This is my last post for the Bad Astronomy Blog on Discover Magazine. As of today – Monday, November 12, 2012 – the blog has a new home at Slate magazine.
It has been my pleasure and honor to be a Discover blogger for more than four years. Still, I remember my science teacher in third grade quoting Heraclitus to us: "Nothing is permanent except change". That’s true today, of course, and just as obviously in the Age of the Internet the velocity of that change is accelerating.
But in this case I hope the change isn’t too shocking for you, dear BABloggees. All you have to do is switch a URL in your bookmarks or update your RSS feed (to do that, just copy that link address into your feed reader). I’ll still be writing the same sort of material, I’ll still make dumb puns, and I’ll still be Tweeting, Facebooking, and GooglePlussing like mad.
To be clear: all the archives of my blog will be copied to Slate magazine, but will still have a home here at Discover. I’d be obliged if you updated links to the new archive, but old links shouldn’t break.
And so, I bid a fond adieu to Discover. What I said in my post announcing the move still holds true: I encourage everyone to read the fantastic collection of science blogs that live here, among the best such blogs in the world; fantastic company in which to be. And I hope you follow me to Slate.
It’s a big Universe out there, roomy enough for all of us. And there’s still a vast amount left to explore and understand.
[Today is Carl Sagan's birthday, celebrated by lovers of science and rationality around the planet. I wrote the following post last year, but I think it's still appropriate (and I updated his age). Happy birthday, Carl. It's a darker cosmos without you, but we still walk with the candle you lit for us.]
If Carl Sagan were still alive, he’d be 78 years old today. Perhaps he wouldn’t have been overly concerned with arbitrary time measurements, especially when based on the fickle way we define a "year", but it’s human nature to look back at such integrally-divisible dates… and Carl was very much a student of human nature.
I’ve written about him so much in the past there’s not much I can add right now, so I thought I would simply embed a video for you to watch… but which one? Where James Randi eloquently and emotionally talks about his friendship with Carl? Or the wonderful first installment of Symphony of Science using my favorite quote by Carl? Or this amazing speech about how life seeks life?
But in the end, the choice is obvious. Carl Sagan’s essay, "Pale Blue Dot", will, I think, stand the test of time, and will deservedly be considered one of the greatest passages ever written in the English language.
Happy birthday to Doctor Carl Sagan, Professor of Astronomy, scientist, skeptic, muse, and – though he may not have thought of himself this way — poet.
I’ll leave you with this, something I wrote abut Carl a while back, when asked about what his greatest legacy is:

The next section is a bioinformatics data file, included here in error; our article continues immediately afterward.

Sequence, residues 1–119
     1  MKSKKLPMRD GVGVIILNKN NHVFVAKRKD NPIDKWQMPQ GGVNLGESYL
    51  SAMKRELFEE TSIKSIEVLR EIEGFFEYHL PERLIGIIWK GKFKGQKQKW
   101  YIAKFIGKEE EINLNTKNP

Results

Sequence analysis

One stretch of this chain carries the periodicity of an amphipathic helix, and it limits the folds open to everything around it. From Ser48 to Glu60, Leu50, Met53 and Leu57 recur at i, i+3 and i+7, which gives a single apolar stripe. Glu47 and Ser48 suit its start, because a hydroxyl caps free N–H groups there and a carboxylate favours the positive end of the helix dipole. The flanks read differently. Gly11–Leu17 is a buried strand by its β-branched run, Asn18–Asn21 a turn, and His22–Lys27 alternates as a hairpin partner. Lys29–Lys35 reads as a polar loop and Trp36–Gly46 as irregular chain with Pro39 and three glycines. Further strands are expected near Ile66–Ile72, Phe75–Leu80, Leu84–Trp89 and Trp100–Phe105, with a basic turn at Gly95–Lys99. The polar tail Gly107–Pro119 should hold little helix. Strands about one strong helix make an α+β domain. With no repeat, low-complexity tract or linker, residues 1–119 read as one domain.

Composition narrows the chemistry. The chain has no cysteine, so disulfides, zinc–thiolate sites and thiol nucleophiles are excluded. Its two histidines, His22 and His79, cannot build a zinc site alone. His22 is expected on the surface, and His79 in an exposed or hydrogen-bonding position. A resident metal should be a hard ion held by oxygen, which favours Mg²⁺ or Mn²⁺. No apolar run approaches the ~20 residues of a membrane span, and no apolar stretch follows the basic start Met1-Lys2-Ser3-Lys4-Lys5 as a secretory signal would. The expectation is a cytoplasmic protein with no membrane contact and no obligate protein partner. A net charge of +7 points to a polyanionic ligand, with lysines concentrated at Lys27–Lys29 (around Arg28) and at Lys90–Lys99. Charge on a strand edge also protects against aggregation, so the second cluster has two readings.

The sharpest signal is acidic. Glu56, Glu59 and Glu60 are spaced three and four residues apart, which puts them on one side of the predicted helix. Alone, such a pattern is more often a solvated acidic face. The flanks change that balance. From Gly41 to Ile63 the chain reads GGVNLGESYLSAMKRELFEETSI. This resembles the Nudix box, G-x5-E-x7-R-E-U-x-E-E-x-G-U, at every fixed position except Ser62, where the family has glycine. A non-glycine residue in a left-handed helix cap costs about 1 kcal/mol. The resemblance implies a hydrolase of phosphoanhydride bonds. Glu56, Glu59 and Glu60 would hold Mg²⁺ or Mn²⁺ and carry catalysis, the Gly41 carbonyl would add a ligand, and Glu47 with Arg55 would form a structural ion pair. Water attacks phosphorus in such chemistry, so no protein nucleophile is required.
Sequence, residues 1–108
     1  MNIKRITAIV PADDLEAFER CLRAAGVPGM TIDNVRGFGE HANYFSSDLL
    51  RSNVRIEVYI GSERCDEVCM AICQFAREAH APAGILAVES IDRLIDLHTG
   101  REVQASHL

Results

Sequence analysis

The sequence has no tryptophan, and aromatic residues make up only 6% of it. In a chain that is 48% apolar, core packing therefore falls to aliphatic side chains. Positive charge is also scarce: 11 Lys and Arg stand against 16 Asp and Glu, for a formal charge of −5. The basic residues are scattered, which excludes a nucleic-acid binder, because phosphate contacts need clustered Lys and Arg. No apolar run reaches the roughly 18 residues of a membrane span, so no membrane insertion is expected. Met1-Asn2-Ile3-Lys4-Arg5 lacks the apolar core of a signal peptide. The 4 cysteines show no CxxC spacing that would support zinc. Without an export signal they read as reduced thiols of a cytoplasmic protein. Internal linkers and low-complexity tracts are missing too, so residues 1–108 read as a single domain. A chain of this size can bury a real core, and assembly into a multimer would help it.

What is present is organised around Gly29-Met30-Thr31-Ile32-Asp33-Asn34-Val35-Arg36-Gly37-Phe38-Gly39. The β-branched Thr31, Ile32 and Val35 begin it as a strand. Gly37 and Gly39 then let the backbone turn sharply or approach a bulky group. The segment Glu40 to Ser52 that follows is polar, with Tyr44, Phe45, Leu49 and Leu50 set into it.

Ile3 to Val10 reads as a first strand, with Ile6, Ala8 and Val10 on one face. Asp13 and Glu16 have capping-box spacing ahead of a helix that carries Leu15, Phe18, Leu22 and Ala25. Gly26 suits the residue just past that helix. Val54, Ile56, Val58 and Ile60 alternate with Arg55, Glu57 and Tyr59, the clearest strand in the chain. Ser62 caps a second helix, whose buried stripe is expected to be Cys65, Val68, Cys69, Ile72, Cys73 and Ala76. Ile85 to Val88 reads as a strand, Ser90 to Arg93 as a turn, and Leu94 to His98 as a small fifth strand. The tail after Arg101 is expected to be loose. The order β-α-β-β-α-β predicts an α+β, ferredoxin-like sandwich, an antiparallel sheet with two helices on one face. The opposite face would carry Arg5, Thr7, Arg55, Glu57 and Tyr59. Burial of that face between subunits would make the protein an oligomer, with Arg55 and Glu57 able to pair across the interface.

Sagan’s insight, his gift to us, is the knowledge that we all have the ability to examine the Universe with all the power of human curiosity, and we need not retreat from the answers we find.
If you like it, give it a thumbs-up on YouTube and Like it on FB.
And they’re right. As I wrote last night, there is much work to be done. I don’t think we can or even should put our differences aside – we need them to keep a check on runaway beliefs. But that doesn’t mean we can’t work together to move things forward.
Well, it was quite a night.
I’m trying to parse it all, and there’s a whole lot to parse. The big news, duh, is that President Obama won, and yes, I’m happy about that. Despite a lot of smoke and mirrors from pundits and campaign managers during this unending election cycle, the President has done a lot of good for this country, and has been a net positive in many ways. I think a lot more can improve in the next four years, and I’ll be curious to see just how he rolls up his sleeves and gets to it.
Having said that, I’m not all rainbows and unicorns with him, which I’ll get to in a sec.
I’m thrilled Todd Akin and Richard Mourdock lost. I have to think that their, ah, extremely poorly thought-out comments about rape had something to do with that. I saw a lot of tweets along the lines of "Hey Republicans, if you want to win next time you’d better not talk about rape!", which I think is wrongheaded. I think politicians should be talking about it, but they should be getting it right. It’s one thing to score a political zinger, but another to actually change the hearts and minds of those same politicians. I want real change, not change in rhetoric.
I’ll note that it looks like in January there will be 18 women Senators, an all-time high. That’s a bit short of the 50 or 52 needed to reflect the true composition of our population, but it’s better than it ever has been. This seems to me to be pretty good evidence that women listen, and they vote. As do men who are concerned over women’s issues. That’s a fine thing, and a really good sign.
Tammy Baldwin is one of those women. She’s the first openly gay Senator in our nation’s history. And four states – Maine, Washington, Minnesota, and Maryland – approved marriage equality acts. I’m OK with that. I’m more than OK with that. For why, see here and here and here and here and here.